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How long can Beijing and Washington handle their relationship?

Tom Friedman has a pretty good column today on the future of Sino-American relations, in effect warning that unruly nationalism in China could spell trouble down the road. Money quotation:

The days when Nixon and Mao could manage this relationship in secret are long gone. There are a lot of unstable chemicals at work out here today, and so many more players with the power to inflame or calm U.S.-China relations.

A Sino-American Cold War is not inevitable, perhaps, and it is easy to think of reasons why the two largest economies (and over time, two most significant military powers) might manage to keep their competition within safe bounds. Optimists invoke the usual liberal antidotes to conflict: the growing economic ties between the two countries, China's "socialization" into existing institutions, and the possibility that China will one day become a democracy. Or one may hope that Beijing will realize that overly assertive behavior will quickly provoke balancing behavior by China's neighbors (moving them to align more closely with each other and with the United States), thereby leaving China isolated and worse off overall. And if the United States manages to extricate itself from its Iraqi and Afghan morasses and devotes more attention on Asia, then there might be even less chance of a Sino-American train wreck down the road.

But here's why I'm less optimistic. Assuming China continues to grow economically, it will also increase its military power and thus its capacity to threaten certain U.S. interests. Like any great power, it will tend to view its own "vital interests" more expansively as its power rises, and it will want to do what it can to ensure that others cannot threaten those interests. For example, a rising China that is increasingly dependent on overseas resources and markets will naturally want to make it harder for others to threaten these vital sea lines of communication. To be concerned by these things is not a sign of aggressive expansionism; it is just typical great power behavior. And given that U.S. leaders think they have "vital interest" in virtually every part of the globe, this sort of behavior ought to be easy for Americans to recognize.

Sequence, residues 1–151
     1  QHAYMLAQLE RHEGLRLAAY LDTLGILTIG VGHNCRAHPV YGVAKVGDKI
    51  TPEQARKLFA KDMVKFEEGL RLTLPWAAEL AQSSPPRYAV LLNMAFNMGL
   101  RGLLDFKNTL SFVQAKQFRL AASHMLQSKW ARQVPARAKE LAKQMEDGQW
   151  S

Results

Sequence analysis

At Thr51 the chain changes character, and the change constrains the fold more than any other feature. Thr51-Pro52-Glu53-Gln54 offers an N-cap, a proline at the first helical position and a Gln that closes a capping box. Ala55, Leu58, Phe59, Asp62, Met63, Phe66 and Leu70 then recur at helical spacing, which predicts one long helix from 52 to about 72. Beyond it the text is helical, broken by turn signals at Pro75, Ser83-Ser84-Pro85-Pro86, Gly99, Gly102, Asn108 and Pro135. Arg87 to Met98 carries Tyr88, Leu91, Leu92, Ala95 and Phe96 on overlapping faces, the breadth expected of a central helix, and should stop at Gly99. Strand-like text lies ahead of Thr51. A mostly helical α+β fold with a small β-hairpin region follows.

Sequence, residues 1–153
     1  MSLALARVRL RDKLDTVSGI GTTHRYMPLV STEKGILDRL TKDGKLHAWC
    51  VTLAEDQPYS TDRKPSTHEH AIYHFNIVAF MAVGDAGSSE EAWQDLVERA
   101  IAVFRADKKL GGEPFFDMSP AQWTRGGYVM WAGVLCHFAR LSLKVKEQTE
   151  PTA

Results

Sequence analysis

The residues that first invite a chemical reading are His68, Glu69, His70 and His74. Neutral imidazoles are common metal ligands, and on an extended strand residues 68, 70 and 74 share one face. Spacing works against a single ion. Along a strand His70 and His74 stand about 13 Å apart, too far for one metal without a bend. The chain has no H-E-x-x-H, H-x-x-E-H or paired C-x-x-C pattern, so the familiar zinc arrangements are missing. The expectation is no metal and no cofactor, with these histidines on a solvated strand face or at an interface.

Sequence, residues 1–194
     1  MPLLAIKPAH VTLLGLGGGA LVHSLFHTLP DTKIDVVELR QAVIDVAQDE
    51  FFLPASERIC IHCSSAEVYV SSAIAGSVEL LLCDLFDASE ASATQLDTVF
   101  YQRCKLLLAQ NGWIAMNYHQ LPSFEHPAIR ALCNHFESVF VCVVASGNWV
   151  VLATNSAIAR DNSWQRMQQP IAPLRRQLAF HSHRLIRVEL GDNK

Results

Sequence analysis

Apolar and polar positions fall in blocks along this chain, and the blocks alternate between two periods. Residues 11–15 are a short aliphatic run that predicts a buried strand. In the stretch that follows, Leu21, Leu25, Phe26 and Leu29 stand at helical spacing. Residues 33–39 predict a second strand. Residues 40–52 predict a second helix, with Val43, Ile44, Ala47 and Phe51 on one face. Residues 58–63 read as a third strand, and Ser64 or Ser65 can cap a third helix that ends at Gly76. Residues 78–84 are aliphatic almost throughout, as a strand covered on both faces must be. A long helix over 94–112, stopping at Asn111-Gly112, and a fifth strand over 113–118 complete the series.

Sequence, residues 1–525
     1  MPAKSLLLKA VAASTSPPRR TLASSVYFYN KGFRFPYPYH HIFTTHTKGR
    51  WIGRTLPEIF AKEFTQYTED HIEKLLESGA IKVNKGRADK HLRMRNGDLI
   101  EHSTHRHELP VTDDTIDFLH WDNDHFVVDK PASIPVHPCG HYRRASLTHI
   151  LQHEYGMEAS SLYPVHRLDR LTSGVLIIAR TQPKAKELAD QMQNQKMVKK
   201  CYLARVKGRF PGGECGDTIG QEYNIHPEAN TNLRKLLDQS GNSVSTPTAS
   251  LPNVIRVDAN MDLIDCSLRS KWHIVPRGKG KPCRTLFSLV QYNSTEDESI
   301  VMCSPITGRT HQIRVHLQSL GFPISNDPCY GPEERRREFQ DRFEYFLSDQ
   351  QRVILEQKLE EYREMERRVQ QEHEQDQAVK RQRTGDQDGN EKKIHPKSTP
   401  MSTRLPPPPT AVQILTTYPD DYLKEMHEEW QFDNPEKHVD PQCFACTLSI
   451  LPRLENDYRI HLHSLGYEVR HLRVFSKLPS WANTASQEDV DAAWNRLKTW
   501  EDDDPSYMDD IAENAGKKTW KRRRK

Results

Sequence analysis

Now, if one also assumes that both the United States and China will always be governed by mature, far-sighted, and sensible politicians who won't succumb to xenophobia or threat-mongering, won't be swayed by narrow interest groups, won't let propaganda from self-interested allies warp their judgment, and who will manage each and every crisis with restraint and aplomb, then one might easily conclude that any future rivalry will remain fairly muted.